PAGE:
Meanwhile, we’re seeing more innovation and cross-pollination than ever: foodies picking up ideas from across the country and the world via blogs and social media, and giving the dish their own spin.

Eaters are becoming more adventurous, as more exciting options become available to them. Some of us even plan vacations around visits to restaurants and bakeries--or wish we could.

As I happily drowned in this fall's flood of gorgeous, endlessly inspiring new cookbooks—many of them from renowned restaurants from New York to Napa, many with a strong regional flair--I got curious about the other American cookbooks I admired that weren’t assertively regional.

Where were they coming from? Which states had the most influential cookbook authors? Which classic regional cookbooks were inspiring a new generation of chefs and home cooks, rediscovering the canning, preserving, fermenting, and nose-to-tail cooking techniques that every American cook worth their salt used to know?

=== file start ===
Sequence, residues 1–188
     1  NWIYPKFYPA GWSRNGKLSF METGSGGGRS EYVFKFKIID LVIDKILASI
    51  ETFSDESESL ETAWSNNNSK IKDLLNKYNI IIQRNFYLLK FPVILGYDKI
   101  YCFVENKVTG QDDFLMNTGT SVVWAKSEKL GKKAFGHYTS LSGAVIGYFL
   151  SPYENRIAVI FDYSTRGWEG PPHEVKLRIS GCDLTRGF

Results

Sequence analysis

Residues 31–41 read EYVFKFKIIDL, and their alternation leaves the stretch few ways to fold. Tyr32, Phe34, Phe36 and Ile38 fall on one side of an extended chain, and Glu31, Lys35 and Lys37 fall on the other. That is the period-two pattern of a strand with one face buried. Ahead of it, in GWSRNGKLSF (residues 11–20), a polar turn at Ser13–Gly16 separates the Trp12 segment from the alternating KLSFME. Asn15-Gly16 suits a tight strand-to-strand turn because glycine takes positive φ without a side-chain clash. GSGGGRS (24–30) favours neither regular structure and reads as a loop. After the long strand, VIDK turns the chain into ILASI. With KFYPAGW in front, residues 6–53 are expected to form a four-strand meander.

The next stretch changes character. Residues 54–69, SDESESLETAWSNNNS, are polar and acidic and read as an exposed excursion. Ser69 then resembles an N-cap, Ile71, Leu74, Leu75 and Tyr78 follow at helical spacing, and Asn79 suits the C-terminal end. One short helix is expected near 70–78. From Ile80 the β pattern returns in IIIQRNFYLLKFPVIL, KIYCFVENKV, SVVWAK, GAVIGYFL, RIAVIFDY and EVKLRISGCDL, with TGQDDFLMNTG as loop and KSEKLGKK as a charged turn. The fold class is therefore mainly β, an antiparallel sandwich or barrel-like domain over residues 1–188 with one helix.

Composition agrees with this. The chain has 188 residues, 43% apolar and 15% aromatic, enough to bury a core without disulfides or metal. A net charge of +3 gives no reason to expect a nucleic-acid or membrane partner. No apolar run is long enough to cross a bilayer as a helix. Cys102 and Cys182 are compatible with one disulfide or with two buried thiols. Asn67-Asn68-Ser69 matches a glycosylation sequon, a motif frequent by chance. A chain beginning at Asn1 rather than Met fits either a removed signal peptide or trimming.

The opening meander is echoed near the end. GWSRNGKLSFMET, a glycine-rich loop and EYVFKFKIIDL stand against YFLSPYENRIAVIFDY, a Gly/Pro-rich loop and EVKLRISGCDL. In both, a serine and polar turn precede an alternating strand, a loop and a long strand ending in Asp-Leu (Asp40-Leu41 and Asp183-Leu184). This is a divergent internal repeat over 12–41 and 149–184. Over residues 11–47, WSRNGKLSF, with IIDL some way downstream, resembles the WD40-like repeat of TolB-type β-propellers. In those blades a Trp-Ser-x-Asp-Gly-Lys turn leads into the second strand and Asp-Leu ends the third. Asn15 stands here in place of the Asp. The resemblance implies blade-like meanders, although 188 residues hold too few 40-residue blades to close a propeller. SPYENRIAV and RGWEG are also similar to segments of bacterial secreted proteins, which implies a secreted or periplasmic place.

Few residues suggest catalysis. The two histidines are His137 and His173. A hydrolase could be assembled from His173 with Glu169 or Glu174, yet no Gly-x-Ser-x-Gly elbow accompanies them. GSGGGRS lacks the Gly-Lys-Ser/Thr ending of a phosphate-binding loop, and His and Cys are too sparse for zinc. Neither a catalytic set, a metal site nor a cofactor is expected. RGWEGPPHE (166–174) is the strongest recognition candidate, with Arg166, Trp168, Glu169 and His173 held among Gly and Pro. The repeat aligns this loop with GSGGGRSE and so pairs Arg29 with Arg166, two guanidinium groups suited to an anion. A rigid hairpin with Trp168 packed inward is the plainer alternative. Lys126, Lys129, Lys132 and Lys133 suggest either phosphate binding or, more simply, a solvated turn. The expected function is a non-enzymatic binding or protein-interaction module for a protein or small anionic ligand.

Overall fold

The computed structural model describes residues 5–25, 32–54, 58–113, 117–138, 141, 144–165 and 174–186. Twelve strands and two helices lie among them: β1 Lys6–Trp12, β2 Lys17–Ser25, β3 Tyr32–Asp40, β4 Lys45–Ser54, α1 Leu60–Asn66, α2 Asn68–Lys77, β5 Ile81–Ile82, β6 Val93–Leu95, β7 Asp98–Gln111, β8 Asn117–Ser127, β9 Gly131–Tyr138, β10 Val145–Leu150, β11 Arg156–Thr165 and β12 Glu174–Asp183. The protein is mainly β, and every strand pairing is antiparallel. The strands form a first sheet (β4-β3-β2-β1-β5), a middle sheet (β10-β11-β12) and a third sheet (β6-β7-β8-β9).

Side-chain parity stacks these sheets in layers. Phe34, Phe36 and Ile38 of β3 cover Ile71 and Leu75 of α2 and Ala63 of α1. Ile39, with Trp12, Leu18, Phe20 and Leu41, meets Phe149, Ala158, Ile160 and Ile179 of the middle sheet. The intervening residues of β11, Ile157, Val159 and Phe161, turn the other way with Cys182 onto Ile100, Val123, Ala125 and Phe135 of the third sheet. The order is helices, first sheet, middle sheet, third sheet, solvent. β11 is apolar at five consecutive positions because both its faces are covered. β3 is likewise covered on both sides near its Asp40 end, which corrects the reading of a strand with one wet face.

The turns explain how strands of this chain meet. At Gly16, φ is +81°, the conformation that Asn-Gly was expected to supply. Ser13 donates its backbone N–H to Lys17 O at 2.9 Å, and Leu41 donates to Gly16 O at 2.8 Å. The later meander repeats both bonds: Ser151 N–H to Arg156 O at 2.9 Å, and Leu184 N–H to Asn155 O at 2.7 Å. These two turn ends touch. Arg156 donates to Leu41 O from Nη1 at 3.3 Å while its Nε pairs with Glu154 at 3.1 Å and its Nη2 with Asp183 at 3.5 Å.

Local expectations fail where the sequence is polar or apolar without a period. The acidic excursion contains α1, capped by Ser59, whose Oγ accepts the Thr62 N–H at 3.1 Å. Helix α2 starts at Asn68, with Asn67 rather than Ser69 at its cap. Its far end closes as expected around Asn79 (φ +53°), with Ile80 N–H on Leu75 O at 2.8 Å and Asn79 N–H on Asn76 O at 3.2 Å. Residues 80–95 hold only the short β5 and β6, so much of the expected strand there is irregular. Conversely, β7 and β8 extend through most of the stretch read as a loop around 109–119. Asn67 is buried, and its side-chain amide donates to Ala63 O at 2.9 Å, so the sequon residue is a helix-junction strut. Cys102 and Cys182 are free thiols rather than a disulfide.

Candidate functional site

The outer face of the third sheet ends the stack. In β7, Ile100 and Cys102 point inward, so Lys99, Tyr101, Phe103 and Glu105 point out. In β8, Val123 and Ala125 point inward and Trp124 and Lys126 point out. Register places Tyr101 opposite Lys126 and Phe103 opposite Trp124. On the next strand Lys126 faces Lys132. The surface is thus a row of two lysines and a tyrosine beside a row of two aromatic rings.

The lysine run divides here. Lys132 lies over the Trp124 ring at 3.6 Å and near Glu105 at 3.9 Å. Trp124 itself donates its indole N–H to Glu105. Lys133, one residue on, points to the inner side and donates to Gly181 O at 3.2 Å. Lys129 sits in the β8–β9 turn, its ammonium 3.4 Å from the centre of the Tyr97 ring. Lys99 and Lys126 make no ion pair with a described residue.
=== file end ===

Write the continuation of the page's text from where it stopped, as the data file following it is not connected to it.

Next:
So I came up with a list of over 360 cookbooks. I started with my favorite recent and upcoming releases, the cookbooks from my collection that I love most, plus the books Amazon customers have rated and reviewed most favorably over the years. Then I added winners of awards like the James Beard and did additional research (largely in hometown newspapers) to supplement regions that seemed too light. And I added a few more suggestions from our Facebook fans. Together, they're all Great American Eats.

Over the next few weeks, I'll be highlighting the best (and best-selling) cookbooks from each region. Some parts of the country have much more prolific cookbook cultures that others, due to larger or wealthier populations or healthier restaurant scenes. Many of the books included here revel in the traditional cuisine of a given region, but you’ll also discover powerhouse chefs, home cooks, and bloggers drawing on the culinary of countries around the world--as Americans have always done--and influencing their regional food culture in ways you may not expect.

Channeling the spirit that Michael Pollan brought to Cooked, I hope looking at cookbooks this way will inspire the casual cooks and serial microwavers among you to buck the trend of cooking as spectator sport and play with the flavors from the tastemaking cooks in your community—or a place you've always wanted to visit. --Mari Malcolm

Anthony Bourdain on Why "Grand Forks" Kills Snark Dead